If My patient goes VSA in the back of the truck (witnessed, first time VSA). We do not do 20 min CPR? Or we do 3 analysis and go after? And/or 1 analysis and go? Does the same apply witness VSA in the home? Do these require patch to leave early? There has been excessive talk over this and little clarification.
The direction regarding Medical Cardiac arrest that has occurred enroute, as well as direction regarding arrest management and when to depart scene has been updated recently. The inherent nature of the Medical Directive system is to continually seek optimized care for our patients. As such, the Medical Cardiac Arrest Medical Directive has had a few nuances added to it. Specifically, if the patient arrests for the first time enroute (not a ROSC who re-arrests), the direction has changed with the release of the latest OBHG Companion Document. The direction is now to find a safe place to stop the ambulance and perform minimum one analysis. Utilize clinical judgement (which will entail multiple factors) to decide whether to stay and perform continued resuscitation, or depart scene. For full details please see the communication sent out to SWORBHP paramedics on this topic June 22, 2023 (here).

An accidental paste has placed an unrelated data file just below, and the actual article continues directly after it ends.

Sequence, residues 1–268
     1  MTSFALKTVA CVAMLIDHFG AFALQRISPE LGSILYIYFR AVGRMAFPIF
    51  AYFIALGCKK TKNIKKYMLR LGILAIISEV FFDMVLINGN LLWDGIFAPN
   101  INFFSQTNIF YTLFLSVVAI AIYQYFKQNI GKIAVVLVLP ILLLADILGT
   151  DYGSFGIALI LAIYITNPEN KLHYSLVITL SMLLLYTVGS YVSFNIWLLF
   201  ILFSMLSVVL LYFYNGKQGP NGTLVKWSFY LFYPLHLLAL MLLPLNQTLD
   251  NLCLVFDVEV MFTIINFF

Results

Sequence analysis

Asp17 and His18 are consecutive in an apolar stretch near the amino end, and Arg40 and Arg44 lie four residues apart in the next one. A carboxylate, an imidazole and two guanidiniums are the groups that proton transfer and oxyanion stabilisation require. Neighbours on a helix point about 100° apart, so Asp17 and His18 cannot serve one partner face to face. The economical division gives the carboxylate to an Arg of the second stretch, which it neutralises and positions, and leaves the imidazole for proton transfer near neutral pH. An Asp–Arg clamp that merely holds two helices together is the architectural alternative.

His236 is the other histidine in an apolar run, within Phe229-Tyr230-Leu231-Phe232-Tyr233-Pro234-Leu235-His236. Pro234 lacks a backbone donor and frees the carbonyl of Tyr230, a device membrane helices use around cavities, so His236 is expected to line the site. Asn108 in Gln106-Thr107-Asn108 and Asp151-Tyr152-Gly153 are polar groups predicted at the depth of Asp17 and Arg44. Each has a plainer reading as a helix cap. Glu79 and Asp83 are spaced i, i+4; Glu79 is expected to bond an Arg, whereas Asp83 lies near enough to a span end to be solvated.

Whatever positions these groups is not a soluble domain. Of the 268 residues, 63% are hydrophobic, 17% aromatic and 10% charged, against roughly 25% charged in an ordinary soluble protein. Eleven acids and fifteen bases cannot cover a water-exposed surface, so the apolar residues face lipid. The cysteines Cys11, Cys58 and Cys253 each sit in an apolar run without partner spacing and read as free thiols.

For witnessed arrests on scene (for which the patient would then not qualify for a Medical TOR) the direction has also recently changed. Please see the memo from July 19, 2023 (here). Paramedic judgement should be used, balancing many different patient, environment and clinical factors to determine the optimal time to leave scene. Unless there is a suspected reversible cause as outlined by the Primary Considerations, or refractory VT/VF, a minimum of four analyses should be performed before departing scene. However, the directive allows for up to 20 minutes of on scene resuscitation should the paramedic deem this as the best course of treatment.